Best Raquel Welch Movies and Where to Stream Them

There aren't many stars as iconic as Raquel Welch.

In a career spanning nearly 60 years, Welch has had a long and storied life. From her humbling beginnings as a background actress in the Elvis Presley film, Roustabout, Welch soon became one of the most universally recognized stars in all of Hollywood in the 1960s onwards, starring in numerous films showcasing her range as a talented actor who masterfully commanded the screen.

A huge figure in modern pop culture, Welch made a name for herself starring in various films from the 1960s onwards, playing strong female characters who proved there was more to her roles than her obvious physical beauty. Inheriting the role of an internationally-known sex symbol from earlier predecessors like Rita Hayworth and Marilyn Monroe, Welch was responsible for breaking the preconceived mold for female stars of her day, portraying characters who were as strong and fully formed as her cinematic male counterparts.

Best Raquel Welch Movies and Where to Stream Them

With Welch's eighty-first birthday having recently passed, we thought we'd take a look at some of Welch's most famous roles, and provide a retrospective look at her lengthy career.

Fantastic Voyage

Best Raquel Welch Movies

One of the campiest, fun, and most over-the-top science fiction films released during the 1960s' (a period in film that was characterized by campy, over-the-top sci-fi films), Fantastic Voyage was the kind of lighthearted movie that audiences had loved so much throughout the '50s and '60s.

Directed by Richard Fleischer (a director whose sensibility for family-friendly entertainment was evident through movies like 20,000 Leagues Under the Sea), Fantastic Voyage follows a submarine crew shrunken down to microscopic size who travel into the bloodstream of an injured scientist to repair his brain.

Along with the 1957 adaptation of Richard Matheson's The Incredible Shrinking Man, it's one of the main movies that launched a focus on miniaturization in science fiction, with Fantastic Voyage still being referenced through various movies and shows over the years, from Innerspace, to Dexter's Laboratory, to Rick and Morty. 

While the film was an overwhelming success–going on to win Oscars for Best Art Direction and Best Special Effects–it would also serve as a milestone in Welch's career. Her first film under contract for 20th Century Fox, it helped establish Welch as a leading actor, serving as her first major breakout success in Hollywood.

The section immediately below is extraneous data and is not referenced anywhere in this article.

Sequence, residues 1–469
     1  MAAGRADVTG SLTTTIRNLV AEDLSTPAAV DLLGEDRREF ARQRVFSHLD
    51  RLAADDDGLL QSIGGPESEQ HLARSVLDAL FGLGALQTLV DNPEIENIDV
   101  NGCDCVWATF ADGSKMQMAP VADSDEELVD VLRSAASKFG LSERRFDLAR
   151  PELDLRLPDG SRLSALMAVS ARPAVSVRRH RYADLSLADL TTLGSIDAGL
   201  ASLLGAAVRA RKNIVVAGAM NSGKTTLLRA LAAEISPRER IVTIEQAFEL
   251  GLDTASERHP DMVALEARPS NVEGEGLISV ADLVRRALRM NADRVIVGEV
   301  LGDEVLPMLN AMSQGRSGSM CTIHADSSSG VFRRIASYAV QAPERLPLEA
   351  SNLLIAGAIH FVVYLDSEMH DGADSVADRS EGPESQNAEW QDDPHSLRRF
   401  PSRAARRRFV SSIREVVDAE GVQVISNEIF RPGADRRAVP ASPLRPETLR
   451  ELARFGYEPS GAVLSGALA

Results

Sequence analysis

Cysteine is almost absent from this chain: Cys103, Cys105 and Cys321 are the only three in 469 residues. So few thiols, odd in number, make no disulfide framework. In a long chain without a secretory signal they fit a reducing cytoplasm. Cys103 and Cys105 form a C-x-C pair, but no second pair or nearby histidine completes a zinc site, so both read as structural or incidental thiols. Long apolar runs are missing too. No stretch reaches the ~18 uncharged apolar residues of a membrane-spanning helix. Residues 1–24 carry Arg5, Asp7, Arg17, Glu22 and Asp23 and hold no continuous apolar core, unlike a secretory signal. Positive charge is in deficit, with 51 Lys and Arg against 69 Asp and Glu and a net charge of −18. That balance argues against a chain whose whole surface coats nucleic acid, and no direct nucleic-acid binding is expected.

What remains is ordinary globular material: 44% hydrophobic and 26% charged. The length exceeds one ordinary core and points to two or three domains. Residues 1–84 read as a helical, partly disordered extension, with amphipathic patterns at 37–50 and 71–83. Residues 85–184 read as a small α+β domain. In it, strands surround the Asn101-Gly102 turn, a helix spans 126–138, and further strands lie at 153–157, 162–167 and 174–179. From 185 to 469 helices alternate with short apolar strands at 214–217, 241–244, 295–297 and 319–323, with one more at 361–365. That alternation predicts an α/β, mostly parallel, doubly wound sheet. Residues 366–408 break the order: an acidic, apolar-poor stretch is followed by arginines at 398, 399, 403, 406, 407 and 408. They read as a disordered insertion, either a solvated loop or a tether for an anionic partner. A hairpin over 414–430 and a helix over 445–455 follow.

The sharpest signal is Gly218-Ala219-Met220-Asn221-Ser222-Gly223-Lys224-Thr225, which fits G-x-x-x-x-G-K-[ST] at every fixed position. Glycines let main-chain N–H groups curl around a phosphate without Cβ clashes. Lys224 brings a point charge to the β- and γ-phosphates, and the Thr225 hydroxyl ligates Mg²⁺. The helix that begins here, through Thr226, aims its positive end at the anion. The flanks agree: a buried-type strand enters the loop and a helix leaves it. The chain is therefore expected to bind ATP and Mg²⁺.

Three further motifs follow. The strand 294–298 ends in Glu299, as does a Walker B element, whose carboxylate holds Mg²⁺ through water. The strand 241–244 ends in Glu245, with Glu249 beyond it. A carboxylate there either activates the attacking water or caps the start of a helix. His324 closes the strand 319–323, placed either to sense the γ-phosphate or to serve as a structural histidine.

Streaming on Hulu (premium subscription required)

One Million Years B.C.

Best Raquel Welch Movies

Known today for producing one the most iconic photos of the 1960s', Welch's next starring role after the success of Fantastic Voyage was the 1966 remake of the 1940 fantasy film, One Million B.C. 

The film, set during a fictional prehistoric age where both dinosaurs and cavemen inhabited the world at the same time, stars John Richardson as a tribal outcast named Tumak who finds refuge with a peaceful band of cave-dwellers, including the quiet but enrapturing Loana (Welch). After Tumak is once again banished from this new tribe, he is joined by Loana as the two wander the hostile, dinosaur-infested land, with only each other to rely on.

Like Fantastic Voyage, One Million Years B.C. would again be another major success in Welch's career. Despite having only three lines of dialogue, her role as the silent but formidable Loana won her instant acclaim, thanks largely to a now-famous publicity photo she took for the film wearing her character's fur bikini. The photo would instantly become one of the best-selling posters of the time, helped propel Welch to immediate pin-up girl status, as well as establishing her as the definitive sex symbol of the 1960s'.

Not currently streaming, but can be rented online

Bedazzled

Best Raquel Welch Movies

Following the breakout success she received from Fantastic Voyage and One Million Years B.C., Welch next appeared as a supporting actor in the Peter Cook, Dudley Moore film, Bedazzled. 

Acting as a comedic retelling of the Faust story set in '60s Swinging London, Moore plays a lonely, depressed young cook who agrees to sell his soul to the Devil (Cook) in exchange for seven wishes. Advising Moore's character throughout are the biblical seven deadly sins, with Welch playing Lust, or “Lilian” as she is also referred to in the film.

Like many of Moore and Cook's various projects, Bedazzled is a light-hearted romp of a movie, perfectly showcasing both actors' comedic talents, with Roger Ebert favorably comparing them as the spiritual successors to earlier comedy partnerships like Ray Goulding and Bob Elliott. Welch provides one of the film's funniest moments as Lust, sharing a short but memorable bedroom sequence where she seduces Moore's hapless short-order cook.

However minor her role was compared to Cook or Moore’s, Welch's casting as Lust was further indicative of her growing appreciation in the audience's eyes. Having her appear literally as the embodiment of physical desire was a bit on the nose, but proved her popularity as one of the quintessential female actors of the 1960s’.

Not currently streaming, but can be rented online

Bandolero!

Best Raquel Welch Movies

Welch would go on to star in a number of Westerns during the late 1960s' into the '70s, most of them, unfortunately, forgettable. Her first starring role in the genre came with 1968's Bandolero!, with Welch portraying the romantic interest of leading man, Dean Martin.

The film centers around two estranged brothers (Martin and Jimmy Stewart) fleeing across the Texas desert with a gang of brutal bandoleros and a posse–led by the wholesome Sheriff July Johnson (George Kennedy)–in hot pursuit.